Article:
The killer reloaded and revisited several of the classrooms. After the killer’s first visit to room 207, several students had barricaded the door and had begun tending the wounded. When the killer returned minutes later, Katelyn Carney and Derek O’Dell were injured while holding the door closed. The killer also returned to room 206. According to a student eyewitness, the movements of a wounded Waleed Shaalan distracted the killer from a nearby student after the shooter had returned to the room. Shaalan was shot a second time and died. Also in room 206, Partahi Mamora Halomoan Lumbantoruan may have protected fellow student Guillermo Colman by diving on top of him. Colman’s various accounts make it unclear whether this act was intentional or the involuntary result of being shot. Multiple gunshots killed Lumbantoruan, but Colman was protected by Lumbantoruan’s body.

Students, including Zach Petkewicz, barricaded the door of room 205 with a large table after substitute professor Haiyan Cheng and a student saw the killer heading toward them. The killer shot several times through the door but failed to force his way in. No one in that classroom was wounded or killed.

Hearing the commotion on the floor below, Professor Kevin Granata brought 20 students from a nearby classroom into an office, where the door could be locked, on the third floor of Norris Hall. He then went downstairs to investigate and was fatally shot by the killer. None of the students locked in Granata’s office were injured.

At about 9:50, using a shotgun, police shoot open the ordinary key lock of a fourth entrance to Norris Hall that goes to a machine shop and that could not be chained. They hear gunshots as they enter the building and immediately follow the sounds to the second floor. As they reach the second floor, the killer fires his final shot, killing himself.

We Remember

The Aftermath

At about 9:52 a.m., the killing is over. The killer shot himself in the head just as police reached the second floor. Investigators believe that the police shotgun blast alerted him to the arrival of the police. The killer’s shooting spree in Norris Hall lasted about 11 minutes. He killed 30 people in Norris Hall, and wounded 17 others. It is the worst mass killing by a single gunman in U.S. history.

The horror continues. The police work to clear the second floor of Norris Hall. Two tactical medics attached to the Emergency Response Teams, one medic from Virginia Tech Rescue and one from Blacksburg Rescue, are allowed to enter to start their initial triage. Police are carrying out victims and handing them off to waiting Rescue Squads, still unsure if there is a second shooter waiting inside. High winds have grounded rescue helicopters, meaning that the most seriously wounded victims must instead be transported 30-45 minutes by ground to the closest Level 1 trauma center in Roanoke, Virginia. False reports of gunshots throughout the rest of the day mean a continuation of the fear and psychological trauma for students and local residents.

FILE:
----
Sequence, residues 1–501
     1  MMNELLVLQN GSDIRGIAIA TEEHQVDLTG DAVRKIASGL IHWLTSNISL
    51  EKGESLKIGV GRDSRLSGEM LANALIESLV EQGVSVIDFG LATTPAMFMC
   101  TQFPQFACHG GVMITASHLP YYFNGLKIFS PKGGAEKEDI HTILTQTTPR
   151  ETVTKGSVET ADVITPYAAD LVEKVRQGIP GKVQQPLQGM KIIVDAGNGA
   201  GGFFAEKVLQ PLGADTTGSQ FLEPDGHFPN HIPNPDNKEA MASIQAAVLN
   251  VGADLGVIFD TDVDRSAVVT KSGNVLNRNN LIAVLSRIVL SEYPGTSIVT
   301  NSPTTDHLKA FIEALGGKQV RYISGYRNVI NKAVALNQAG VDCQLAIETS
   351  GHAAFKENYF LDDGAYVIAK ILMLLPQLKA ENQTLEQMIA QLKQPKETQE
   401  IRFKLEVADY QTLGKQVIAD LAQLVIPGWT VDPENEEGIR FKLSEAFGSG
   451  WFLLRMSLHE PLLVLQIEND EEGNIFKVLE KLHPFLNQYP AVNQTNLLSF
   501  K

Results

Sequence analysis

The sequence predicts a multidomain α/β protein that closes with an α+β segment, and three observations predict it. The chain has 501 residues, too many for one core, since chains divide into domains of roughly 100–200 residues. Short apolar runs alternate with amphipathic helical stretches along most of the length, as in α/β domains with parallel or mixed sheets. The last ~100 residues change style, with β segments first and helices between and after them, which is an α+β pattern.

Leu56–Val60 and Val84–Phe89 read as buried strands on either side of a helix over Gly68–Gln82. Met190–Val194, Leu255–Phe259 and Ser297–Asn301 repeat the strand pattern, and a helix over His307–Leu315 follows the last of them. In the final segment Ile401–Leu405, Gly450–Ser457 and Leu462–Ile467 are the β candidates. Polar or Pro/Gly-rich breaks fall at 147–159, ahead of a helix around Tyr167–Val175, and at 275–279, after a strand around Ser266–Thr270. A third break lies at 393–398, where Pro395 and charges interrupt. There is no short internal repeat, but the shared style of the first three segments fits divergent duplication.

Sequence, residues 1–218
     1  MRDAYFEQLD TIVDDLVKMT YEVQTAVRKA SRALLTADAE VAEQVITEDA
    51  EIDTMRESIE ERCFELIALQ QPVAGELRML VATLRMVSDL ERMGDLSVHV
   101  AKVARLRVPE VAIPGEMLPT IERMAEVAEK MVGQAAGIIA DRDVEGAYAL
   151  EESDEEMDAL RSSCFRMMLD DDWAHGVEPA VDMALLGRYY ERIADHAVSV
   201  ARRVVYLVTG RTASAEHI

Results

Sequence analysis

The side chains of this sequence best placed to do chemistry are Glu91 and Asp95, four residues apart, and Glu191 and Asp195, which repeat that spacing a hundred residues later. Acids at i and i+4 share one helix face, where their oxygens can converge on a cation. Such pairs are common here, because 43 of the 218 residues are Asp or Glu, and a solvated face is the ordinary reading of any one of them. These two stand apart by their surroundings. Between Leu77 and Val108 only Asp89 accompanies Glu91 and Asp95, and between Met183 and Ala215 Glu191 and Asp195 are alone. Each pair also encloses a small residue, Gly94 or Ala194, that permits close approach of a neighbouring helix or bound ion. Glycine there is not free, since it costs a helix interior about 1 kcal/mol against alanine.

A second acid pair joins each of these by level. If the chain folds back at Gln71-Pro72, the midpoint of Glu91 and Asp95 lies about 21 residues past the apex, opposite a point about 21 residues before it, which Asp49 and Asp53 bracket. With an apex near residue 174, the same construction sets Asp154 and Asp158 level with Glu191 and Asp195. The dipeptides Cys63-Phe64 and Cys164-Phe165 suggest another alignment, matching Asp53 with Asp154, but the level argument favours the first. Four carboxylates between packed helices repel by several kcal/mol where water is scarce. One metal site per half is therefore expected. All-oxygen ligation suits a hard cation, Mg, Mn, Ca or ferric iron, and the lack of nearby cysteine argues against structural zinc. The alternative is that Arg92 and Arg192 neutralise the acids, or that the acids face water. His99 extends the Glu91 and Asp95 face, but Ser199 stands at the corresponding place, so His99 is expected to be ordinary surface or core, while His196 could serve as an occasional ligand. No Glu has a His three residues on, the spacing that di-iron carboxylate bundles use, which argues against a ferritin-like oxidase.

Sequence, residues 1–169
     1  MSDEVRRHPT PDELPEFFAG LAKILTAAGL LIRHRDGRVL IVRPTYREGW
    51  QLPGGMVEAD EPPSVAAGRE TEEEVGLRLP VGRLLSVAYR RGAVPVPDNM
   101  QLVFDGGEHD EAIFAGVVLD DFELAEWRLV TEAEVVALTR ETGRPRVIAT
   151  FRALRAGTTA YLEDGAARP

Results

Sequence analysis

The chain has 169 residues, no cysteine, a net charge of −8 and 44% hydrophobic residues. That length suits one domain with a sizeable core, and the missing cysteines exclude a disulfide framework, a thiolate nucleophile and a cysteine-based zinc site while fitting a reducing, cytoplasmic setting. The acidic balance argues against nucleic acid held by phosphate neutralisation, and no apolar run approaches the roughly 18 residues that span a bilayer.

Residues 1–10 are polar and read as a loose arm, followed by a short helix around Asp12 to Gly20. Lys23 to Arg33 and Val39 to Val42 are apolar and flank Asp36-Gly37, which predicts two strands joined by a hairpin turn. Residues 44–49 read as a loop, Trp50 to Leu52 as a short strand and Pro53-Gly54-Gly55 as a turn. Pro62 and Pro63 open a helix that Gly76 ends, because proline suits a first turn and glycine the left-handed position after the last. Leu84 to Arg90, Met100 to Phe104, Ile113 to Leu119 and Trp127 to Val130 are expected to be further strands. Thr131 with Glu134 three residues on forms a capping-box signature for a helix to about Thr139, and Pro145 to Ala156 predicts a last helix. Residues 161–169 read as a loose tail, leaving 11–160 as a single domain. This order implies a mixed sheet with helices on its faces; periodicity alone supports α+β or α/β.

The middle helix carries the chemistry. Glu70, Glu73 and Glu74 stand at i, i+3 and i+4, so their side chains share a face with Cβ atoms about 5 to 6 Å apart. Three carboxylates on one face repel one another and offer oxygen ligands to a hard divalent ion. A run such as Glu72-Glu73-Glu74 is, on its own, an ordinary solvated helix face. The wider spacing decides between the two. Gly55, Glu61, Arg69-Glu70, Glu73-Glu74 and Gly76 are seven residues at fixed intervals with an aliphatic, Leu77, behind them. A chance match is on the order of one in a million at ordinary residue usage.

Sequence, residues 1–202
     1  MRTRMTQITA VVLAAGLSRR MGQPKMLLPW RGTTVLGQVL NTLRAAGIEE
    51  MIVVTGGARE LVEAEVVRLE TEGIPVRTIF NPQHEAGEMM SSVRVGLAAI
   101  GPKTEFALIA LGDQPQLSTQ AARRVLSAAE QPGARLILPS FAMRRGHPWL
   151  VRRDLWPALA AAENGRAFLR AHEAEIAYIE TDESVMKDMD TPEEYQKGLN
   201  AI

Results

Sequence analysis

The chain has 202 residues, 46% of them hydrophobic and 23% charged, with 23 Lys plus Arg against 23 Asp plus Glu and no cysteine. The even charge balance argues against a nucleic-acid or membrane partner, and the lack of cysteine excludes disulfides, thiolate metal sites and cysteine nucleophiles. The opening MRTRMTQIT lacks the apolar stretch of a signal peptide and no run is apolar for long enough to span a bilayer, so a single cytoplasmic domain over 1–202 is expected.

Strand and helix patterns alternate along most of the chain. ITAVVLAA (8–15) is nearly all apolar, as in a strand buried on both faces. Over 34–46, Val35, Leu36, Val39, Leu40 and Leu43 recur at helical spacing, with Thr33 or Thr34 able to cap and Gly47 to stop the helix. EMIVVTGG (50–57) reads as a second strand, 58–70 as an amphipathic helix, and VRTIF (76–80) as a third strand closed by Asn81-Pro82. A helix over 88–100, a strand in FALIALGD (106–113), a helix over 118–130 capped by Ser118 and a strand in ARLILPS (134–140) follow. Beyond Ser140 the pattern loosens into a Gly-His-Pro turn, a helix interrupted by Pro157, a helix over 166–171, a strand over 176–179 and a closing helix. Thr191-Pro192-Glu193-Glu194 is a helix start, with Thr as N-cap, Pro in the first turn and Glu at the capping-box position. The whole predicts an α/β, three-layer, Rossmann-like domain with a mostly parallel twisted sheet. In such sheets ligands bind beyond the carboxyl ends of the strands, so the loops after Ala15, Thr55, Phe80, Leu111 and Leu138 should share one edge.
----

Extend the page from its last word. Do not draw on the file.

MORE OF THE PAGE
In the hours and days following the shooting, makeshift memorials to those killed or injured began appearing in several locations on the campus. Many people placed flowers and items of remembrance at the base of the Drillfield observation podium in front of Burruss Hall. Later, members of Hokies United placed 32 pieces of Hokie Stone, each labeled with the name of a victim, in a semicircle in front of the Drillfield viewing stand. This makeshift memorial was later made permanent.

We Remember.

(Information for these posts came from Wikipedia and from the Report of the Virginia Tech Review Panel. The killer’s name is deliberately omitted, and shall never pass my lips nor contaminate my keyboard, save for the strictest necessity. He shall remain nameless to all men and women of honor, his identity cursed, and forever denied the infamy he sought.)

[This post is a consolidation of a series of posts I wrote for this date in 2010, with each post originally scheduled to appear at the same time that the events described within began.]

Breaking: Shooting at New River Valley Community College

Update – 1609 hrs: The Christiansburg Police chief spoke at a press conference this afternoon, and stated that there were two people injured – one flown and one taken to the local hospital – and a suspect in custody. It is believed that there is no more danger. No further information is being released at this time.

Ignore the stupid reporters calling him a Montgomery County Sheriff’s deputy. That’s definitely a CPD uniform, and you can see the eagles on his collar even with the poor quality streaming video. The press, as usual, is ignorant.

—–

News reports here, here, and here.